Thursday, May 5, 2011

E-Tip#337: 4 Reasons to Emphasize Face-To-Face Communication

In 2005, Alison Stein Wellner wrote an article for Inc. Magazine about how face-to-face communication is becoming a "dying art" in the wake of e-mail, text messaging and other telecommunications technology. As part of her research for the article, Alison spoke to several academics and experts who have studied how businesses communicate and the pros and cons of both face-to-face communication and online communication.

We Just Had To Share This Information With You.

What these experts had to say was so fascinating and in the spirit of Dale Carnegie Training's own philosophies on communication, we just knew we had to share it. So we condensed the article into the four reasons for emphasizing face-to-face communication below, adding a dash of our own thoughts into the mix as well.

4 Reasons To Emphasize Face-To-Face Communication:

Reason #1. Keep Communication Skills Sharp:E-mail and online conversations can only take you so far. At some point, regardless of what type of business you run, you will need to pick up the phone or meet with someone face-to-face. But the more time you spend enmeshed in e-mail instead of communicating in person, the more those interpersonal communication skills dull. Naturally, weak face-to-face conversation skills pose a potential threat to the success of your business.

Reason #2. A More Effective Form Of Communication: According to UCLA psychology professor Albert Mehrabian, reports Wellner, "55% of meaning in an interaction comes from facial and body language and 38% comes from vocal inflection. Only 7% of an interaction's meaning is derived from the words themselves." In other words, a tremendous amount of the subtle, nuanced aspects of communication we all rely upon are lost in e-mail. E-mail is purely words -- the 7 percent. As such, e-mail content runs a greater risk at being misunderstood than verbal communication does.

Reason #3. Causes Less Conflict In The Workplace: "People hide behind e-mail," Sara Roberts, president of Roberts Golden Consulting in San Francisco, told Wellner. This issue is common enough that most businesses can relate to it. Because there is a sense of detachment inherent to e-mail communication, a non-presence, people tend to be more uninhibited when e-mailing. With less skin in the game, so to speak, e-mailers are more inclined to sling insults and use so-called swear words, stirring trouble in the process.

Reason #4. Strengthens Work Relationships: Face-to-face communication is more conducive to team building and collaboration. That's not to say it is impossible to achieve team unity over the web, but nothing trumps in-person activity when it comes to holding in-depth conversations and discussing matters that are sensitive in nature. And as previously stated, body language, facial expressions, tone and inflection all contribute to dynamic, engaging discussions that simply can't be replicated over e-mail.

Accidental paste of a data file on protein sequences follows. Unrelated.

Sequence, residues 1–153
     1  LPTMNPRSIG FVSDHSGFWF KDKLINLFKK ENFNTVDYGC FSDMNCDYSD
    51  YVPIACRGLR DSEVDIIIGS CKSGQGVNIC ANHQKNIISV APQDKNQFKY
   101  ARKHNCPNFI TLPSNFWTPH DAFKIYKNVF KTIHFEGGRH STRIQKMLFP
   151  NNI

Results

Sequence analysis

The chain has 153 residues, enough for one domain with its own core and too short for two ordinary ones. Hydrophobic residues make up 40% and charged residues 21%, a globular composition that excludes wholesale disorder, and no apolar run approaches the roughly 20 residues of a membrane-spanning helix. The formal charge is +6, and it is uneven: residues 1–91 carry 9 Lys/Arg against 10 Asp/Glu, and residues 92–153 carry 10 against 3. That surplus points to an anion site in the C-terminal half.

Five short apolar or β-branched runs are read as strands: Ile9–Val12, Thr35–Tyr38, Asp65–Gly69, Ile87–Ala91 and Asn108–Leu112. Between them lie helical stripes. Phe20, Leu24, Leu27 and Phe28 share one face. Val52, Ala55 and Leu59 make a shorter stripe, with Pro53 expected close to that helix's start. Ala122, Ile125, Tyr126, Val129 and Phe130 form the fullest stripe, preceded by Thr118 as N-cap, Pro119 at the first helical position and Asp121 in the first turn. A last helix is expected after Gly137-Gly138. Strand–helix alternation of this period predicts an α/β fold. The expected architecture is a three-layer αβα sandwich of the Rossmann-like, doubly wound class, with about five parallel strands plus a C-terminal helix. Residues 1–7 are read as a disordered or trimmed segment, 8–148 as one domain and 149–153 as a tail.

Click here to read Alison's original piece for Inc. Magazine.

The Virtual Business Dilemma.

More and more businesses are sprouting up that operate almost entirely virtually -- that is, all business is conducted over the web in some form. For these businesses, face-to-face communication is rarely, sometimes not ever an option. For such businesses, Jim Ball, co-founder of Alpine Access, offers the following advice:

§ Concentrate On Clarity: Make sure several people proof important e-mails, checking not only the grammar, but also the nuance of the language to ensure it isn't easily misconstrued.

§ Rely On Employees To Verify: Most e-mail clients have an option to sign an e-mail receipt acknowledging that they received and read the e-mail in question. This is especially useful for important internal communications.

§ Choose Communication Methods Wisely: Basically, know when an e-mail is and isn't appropriate. Phone conversations are still a viable option for virtual businesses when it comes to more involved communication.

Executive Summary: E-mail communication and its kind are vital tools for modern businesses -- no one is claiming otherwise. To truly get the most out of these tools, however, businesses need to strike a balance between online communication and face-to-face. The speed and convenience e-mail affords the transmission of direct, straightforward information is undeniably important. But equally as integral to a business' success is the intuitive complexity of face-to-face conversation.

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